Teacher Guides

Click the links below for suggestions on teaching Christopher’s books in the classroom.

The Mighty Miss Malone

Bud, Not Buddy

Christopher Paul Curtis’s Advice for Young Writers

First: Write every day. Writing is like anything else that you do: the more you do it, the better you’ll get at it. Keep a journal and dedicate 15 minutes a day to telling what happened to you on that day or write down the ideas you may have for stories. Try to be as regular as possible. It’s clichéd, but the more you put into it, the more you’ll get out of it.

Second: Have fun with your writing. Remember you have absolute control of what you write, and you can make anything happen. Take that power and use it—use it wisely if you want, but act a fool if you choose. Write about the world the way you wish it could be or the way you’re afraid it will be or the way it can never be, but write and enjoy.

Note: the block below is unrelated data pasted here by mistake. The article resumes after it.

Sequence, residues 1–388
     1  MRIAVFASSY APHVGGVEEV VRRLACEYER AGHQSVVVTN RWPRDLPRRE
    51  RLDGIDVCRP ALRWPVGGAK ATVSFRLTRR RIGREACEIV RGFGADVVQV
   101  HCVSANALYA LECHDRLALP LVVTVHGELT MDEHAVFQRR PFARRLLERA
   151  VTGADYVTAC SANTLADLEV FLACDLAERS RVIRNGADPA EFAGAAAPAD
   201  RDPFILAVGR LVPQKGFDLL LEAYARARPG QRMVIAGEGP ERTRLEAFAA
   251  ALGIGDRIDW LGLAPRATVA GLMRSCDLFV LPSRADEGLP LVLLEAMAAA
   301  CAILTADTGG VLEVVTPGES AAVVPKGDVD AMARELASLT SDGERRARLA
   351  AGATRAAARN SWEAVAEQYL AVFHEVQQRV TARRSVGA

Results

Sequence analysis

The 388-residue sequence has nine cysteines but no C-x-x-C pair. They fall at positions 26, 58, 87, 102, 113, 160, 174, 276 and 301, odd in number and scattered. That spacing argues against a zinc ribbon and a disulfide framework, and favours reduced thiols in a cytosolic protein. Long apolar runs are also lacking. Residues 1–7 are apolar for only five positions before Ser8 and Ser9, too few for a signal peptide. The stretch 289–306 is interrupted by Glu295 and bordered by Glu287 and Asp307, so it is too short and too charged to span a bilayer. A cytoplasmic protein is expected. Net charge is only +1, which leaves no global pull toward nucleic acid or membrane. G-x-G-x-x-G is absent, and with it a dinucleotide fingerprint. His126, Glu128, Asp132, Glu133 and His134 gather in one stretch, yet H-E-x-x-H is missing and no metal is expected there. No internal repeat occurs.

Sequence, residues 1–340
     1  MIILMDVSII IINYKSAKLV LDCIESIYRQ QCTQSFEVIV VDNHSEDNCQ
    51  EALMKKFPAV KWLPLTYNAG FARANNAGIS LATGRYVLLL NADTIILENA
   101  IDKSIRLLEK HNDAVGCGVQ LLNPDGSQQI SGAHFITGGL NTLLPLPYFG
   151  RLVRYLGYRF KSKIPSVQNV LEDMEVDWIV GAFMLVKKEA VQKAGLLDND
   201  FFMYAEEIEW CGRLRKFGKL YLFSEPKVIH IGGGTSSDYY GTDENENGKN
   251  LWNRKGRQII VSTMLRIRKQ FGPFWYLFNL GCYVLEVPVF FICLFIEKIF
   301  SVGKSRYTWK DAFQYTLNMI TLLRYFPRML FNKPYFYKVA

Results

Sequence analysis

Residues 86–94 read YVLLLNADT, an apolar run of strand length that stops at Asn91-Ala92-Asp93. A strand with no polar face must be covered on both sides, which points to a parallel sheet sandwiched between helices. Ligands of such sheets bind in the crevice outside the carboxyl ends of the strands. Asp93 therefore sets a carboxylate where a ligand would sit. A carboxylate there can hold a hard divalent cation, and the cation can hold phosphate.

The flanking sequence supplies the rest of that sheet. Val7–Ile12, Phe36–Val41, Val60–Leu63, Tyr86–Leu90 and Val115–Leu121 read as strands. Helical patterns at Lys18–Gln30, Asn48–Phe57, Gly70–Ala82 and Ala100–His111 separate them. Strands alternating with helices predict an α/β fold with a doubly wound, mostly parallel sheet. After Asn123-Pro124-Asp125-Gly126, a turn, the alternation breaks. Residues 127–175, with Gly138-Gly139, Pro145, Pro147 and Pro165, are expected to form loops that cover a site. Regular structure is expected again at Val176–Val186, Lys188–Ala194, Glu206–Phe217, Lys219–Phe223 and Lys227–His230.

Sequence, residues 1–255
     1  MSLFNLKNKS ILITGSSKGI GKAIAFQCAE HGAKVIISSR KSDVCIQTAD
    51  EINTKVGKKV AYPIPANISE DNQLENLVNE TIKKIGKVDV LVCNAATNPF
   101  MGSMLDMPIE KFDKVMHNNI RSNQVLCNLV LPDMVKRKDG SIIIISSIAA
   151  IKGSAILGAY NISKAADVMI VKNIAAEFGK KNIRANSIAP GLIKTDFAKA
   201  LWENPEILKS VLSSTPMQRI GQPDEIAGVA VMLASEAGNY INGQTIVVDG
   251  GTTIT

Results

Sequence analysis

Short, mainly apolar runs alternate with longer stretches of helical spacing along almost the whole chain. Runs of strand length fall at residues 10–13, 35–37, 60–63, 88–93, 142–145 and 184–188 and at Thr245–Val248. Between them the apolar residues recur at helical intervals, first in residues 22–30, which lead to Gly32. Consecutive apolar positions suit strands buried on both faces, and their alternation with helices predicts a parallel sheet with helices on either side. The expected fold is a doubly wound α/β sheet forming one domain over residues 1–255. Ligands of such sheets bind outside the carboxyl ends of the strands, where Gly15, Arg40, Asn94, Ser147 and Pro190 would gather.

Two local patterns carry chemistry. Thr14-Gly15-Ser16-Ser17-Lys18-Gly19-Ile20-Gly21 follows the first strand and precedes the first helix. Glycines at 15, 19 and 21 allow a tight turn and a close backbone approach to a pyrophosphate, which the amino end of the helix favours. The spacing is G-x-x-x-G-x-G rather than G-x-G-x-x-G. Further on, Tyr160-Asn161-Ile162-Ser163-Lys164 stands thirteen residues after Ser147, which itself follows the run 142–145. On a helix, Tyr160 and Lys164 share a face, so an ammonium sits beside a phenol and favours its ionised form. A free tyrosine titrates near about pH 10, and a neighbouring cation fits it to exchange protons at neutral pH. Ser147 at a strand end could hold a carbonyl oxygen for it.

Third: Ignore all rules. That doesn’t mean you can ignore punctuation and grammar and other rules. It means, once you master the basics, run with your writing, create your own style. Remember the writing is yours and that there is no “right” or “wrong.” New ideas, styles, and presentations are some of the things that make writing and music fun and enjoyable. Don’t be afraid to try something new.